By way of introduction allow me to say that I am not a sociologist of values but a sociologist of action; I study action and not values, and I believe that both fields are completely respectable and, since we have chosen to locate ourselves in a framework of values, I have simply tried to enumerate some observations or ideas that can be harboured with respect to values with some ideas or observations that can be conveyed concerning action and, to put it more precisely, concerning social movements in the Western world at the present time.
I will commence with a brief exposition of my general argument, which will serve to summarise the general lines of this presentation. I would like to insist from the very outset on the context or, if you prefer, on some important changes that concern our region of Europe, but that without doubt also influence societies in other countries, with variations in each case, as one would expect; in this fashion I will be able to describe what I am inclined to call a mutation which commenced, in my opinion, in the late sixties, which leads to the judgement that these transformations, in some cases, have a lifespan of between 35 and 40 years. Secondly, I will try to show how we can read this mutation, which reveals very important things to us to the extent that reference is made to values, and to understand it as we study changes in social movements, because great differences exist between the social movements of the sixties and those of today. What has taken place in some societies in which all kinds of differences coexist? What has happened in the last 40 or so years?
I will focus on three points. Firstly, our societies are the children of the era of classic industrialism. Secondly, they are passing through a moment of grave institutional crisis. Thirdly, they maintain a relationship with culture, in the general sense of the term, and also with high culture. In our societies an extraordinary variation in the idea of culture has occurred which, by the way, makes the task of the anthropologists particularly interesting, because they have had to change their paradigm completely as well as the way they define culture. It is evident what has happened in terms of changes in relation to the social model. Although they are common knowledge, their importance is such in terms of everything else that, in spite of everything, we cannot ignore this question.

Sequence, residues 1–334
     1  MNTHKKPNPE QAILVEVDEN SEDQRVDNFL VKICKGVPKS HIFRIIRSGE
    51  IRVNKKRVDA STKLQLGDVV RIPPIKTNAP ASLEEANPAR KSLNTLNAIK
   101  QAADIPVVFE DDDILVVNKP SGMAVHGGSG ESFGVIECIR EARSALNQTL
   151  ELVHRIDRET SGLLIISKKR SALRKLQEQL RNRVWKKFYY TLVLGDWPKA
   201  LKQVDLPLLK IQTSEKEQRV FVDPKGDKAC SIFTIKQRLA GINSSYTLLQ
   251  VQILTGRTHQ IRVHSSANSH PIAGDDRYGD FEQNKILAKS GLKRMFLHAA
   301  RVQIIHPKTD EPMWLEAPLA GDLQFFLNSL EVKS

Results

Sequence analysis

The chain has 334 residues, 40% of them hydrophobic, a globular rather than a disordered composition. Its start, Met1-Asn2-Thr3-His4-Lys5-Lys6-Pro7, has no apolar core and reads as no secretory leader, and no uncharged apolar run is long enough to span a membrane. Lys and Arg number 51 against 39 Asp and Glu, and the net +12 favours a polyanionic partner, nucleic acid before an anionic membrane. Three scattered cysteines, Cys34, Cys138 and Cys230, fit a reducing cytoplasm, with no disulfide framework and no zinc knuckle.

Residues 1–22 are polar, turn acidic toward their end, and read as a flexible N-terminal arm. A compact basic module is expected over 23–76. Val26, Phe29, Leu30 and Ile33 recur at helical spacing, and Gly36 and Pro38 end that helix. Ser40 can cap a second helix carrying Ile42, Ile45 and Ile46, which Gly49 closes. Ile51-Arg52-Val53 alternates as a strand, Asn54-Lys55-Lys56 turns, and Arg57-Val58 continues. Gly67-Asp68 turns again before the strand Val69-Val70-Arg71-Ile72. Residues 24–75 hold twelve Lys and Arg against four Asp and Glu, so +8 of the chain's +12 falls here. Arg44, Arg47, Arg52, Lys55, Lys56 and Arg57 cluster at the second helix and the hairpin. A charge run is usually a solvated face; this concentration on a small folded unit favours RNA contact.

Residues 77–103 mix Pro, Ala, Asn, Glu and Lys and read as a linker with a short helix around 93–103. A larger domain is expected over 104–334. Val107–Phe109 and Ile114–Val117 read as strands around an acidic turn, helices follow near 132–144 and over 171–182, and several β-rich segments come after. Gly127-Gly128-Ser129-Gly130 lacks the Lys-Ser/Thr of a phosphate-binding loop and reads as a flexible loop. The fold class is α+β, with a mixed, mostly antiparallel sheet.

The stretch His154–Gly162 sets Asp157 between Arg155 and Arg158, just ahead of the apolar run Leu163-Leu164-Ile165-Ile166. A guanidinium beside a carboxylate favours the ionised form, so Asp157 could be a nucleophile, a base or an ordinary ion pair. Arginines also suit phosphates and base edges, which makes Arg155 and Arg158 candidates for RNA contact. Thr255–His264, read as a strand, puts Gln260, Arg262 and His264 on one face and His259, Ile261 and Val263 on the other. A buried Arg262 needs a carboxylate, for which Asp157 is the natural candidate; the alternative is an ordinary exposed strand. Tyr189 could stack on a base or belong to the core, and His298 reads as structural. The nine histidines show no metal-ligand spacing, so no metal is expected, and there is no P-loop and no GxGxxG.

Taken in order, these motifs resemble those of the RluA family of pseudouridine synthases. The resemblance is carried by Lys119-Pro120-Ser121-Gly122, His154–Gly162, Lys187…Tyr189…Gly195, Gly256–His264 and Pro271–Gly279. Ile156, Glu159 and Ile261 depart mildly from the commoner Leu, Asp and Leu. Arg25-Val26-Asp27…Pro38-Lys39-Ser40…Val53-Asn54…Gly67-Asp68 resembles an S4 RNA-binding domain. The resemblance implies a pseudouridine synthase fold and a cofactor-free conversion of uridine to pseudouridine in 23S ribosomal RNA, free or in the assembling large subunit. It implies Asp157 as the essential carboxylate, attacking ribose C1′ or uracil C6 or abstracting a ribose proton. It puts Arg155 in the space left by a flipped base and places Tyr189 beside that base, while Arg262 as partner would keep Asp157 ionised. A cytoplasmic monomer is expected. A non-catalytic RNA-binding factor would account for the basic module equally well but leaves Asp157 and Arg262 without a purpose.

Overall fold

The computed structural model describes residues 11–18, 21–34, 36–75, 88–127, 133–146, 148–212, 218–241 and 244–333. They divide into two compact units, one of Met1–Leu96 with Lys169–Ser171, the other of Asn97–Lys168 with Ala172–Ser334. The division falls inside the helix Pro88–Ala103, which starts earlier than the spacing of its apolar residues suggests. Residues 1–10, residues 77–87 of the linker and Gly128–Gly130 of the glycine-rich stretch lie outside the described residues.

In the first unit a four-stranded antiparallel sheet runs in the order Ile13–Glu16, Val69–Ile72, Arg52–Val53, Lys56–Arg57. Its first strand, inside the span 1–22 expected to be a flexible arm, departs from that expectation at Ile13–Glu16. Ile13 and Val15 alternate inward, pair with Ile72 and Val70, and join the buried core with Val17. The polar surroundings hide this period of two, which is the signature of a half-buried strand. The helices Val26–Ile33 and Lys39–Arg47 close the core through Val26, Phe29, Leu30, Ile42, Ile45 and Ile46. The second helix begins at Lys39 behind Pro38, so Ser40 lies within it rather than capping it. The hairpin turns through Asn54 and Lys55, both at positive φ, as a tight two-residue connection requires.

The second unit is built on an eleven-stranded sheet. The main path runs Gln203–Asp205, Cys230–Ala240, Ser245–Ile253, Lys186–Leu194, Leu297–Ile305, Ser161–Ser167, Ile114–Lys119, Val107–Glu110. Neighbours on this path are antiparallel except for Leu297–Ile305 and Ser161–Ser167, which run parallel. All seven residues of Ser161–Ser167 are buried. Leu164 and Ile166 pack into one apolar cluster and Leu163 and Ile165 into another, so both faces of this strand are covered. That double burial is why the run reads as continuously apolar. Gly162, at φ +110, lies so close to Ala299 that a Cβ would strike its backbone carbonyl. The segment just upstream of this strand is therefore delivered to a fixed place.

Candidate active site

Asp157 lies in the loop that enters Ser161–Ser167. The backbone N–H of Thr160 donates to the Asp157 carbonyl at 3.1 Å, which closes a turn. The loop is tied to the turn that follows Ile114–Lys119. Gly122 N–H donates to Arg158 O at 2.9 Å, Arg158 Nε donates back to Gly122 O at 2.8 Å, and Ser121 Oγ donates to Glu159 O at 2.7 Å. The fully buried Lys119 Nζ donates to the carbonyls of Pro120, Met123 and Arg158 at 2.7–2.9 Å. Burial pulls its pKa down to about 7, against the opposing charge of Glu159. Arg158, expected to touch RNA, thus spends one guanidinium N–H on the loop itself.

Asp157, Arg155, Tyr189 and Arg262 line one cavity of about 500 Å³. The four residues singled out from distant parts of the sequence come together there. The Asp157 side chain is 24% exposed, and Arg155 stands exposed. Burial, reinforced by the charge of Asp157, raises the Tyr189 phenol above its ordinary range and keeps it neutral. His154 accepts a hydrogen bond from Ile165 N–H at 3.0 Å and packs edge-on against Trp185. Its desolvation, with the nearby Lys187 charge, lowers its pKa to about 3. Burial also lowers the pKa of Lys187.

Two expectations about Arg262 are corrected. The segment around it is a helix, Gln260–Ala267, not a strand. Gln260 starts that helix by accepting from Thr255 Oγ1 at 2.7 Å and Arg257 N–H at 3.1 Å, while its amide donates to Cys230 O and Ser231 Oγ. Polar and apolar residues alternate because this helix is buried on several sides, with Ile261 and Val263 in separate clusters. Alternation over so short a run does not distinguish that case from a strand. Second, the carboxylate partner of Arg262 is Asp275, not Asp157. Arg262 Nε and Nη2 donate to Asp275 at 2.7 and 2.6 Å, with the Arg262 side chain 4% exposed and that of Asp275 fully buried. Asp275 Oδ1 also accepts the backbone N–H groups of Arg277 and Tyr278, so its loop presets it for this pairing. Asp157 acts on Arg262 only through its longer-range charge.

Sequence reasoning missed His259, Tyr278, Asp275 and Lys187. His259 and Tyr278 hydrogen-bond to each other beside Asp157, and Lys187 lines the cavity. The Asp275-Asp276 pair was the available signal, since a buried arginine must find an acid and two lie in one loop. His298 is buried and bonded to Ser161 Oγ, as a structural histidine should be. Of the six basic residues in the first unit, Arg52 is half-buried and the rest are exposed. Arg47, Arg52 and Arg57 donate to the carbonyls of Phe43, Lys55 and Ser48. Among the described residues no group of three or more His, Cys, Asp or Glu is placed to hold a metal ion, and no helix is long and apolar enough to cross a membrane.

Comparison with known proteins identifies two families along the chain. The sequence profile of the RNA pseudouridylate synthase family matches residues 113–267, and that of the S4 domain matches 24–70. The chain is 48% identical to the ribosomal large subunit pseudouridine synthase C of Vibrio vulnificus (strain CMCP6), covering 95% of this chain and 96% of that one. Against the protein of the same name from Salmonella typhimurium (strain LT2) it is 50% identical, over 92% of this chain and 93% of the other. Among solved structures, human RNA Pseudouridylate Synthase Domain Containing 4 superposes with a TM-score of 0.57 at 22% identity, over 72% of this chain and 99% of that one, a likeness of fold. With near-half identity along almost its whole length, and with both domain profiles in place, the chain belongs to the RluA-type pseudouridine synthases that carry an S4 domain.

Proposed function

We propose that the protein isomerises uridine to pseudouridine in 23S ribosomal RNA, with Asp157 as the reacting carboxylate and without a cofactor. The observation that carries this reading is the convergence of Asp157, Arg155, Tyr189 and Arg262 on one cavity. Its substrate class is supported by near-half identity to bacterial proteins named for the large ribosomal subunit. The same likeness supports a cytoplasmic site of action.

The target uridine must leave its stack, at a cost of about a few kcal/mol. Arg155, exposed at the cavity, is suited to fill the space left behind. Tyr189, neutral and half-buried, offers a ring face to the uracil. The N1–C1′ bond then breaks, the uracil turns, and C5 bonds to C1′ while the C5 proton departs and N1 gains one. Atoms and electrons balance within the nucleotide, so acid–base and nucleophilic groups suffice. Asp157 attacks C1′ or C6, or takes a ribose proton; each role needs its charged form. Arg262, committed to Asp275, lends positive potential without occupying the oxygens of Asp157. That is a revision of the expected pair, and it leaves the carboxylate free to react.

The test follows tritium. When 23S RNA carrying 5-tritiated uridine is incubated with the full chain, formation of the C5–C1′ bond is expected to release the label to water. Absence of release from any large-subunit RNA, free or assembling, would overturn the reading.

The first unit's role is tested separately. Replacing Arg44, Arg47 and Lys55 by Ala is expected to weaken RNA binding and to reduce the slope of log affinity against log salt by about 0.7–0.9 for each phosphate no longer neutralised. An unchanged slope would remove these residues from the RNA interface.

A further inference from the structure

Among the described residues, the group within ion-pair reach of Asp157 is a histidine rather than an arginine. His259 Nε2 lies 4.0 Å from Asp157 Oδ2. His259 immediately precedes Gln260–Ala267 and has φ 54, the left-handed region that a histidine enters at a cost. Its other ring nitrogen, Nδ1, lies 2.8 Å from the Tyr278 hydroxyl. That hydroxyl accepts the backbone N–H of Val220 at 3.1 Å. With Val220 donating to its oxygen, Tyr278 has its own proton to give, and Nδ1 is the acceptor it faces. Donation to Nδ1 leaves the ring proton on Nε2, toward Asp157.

Until halfway through the seventies, a little earlier in some cases, a little later in others, it was possible to define the society of countries like France, Spain, Portugal, Italy, Germany or Belgium as industrial, not in the sense that there were factories, workers, unions or bosses, but in that they were organised and structured around a fundamental conflict between the labour movement and those who provided work. This relationship was the centre of collective life and also formed the basis of political life; to be right- or left-wing was equivalent, in general terms, to feeling oneself more on the side of the labour movement or of the bosses.
This was also of great importance in intellectual life. I come from a country in which for twenty to twenty-five years the great intellectuals were Raymond Aron, on the one hand, and Jean-Paul Sartre, on the other. It also had a direct impact on associational life, and any type of associational conflict outside factories or workshops. We formed part of that universe and we fled from it. At the time we did so, we had to ask ourselves what the central values of the industrial era were. In that working environment, the world of workingclass consciousness, deferred satisfaction, thrift, the idea that what we do today will serve to effect change at some future date—that dawning of a brighter day, as the workers put it—was very important.
And, consequently, we assigned significant value to work and to effort. We had a scale of values that corresponded with a certain model of society. From halfway through the seventies, nonetheless, all that was decomposed, broken down by deindustrialisation, by exhaustion or by the crisis of Taylorism, that is to say, of a way of organising work, by the increasingly systematic elimination of unskilled labour from large industry. Briefly, all kinds of transformations took place that prevent us today from affirming that the proletariat are the salt of the earth and that conflict between workers and bosses is the centre of collective life. This does not mean to say that this has ceased to exist.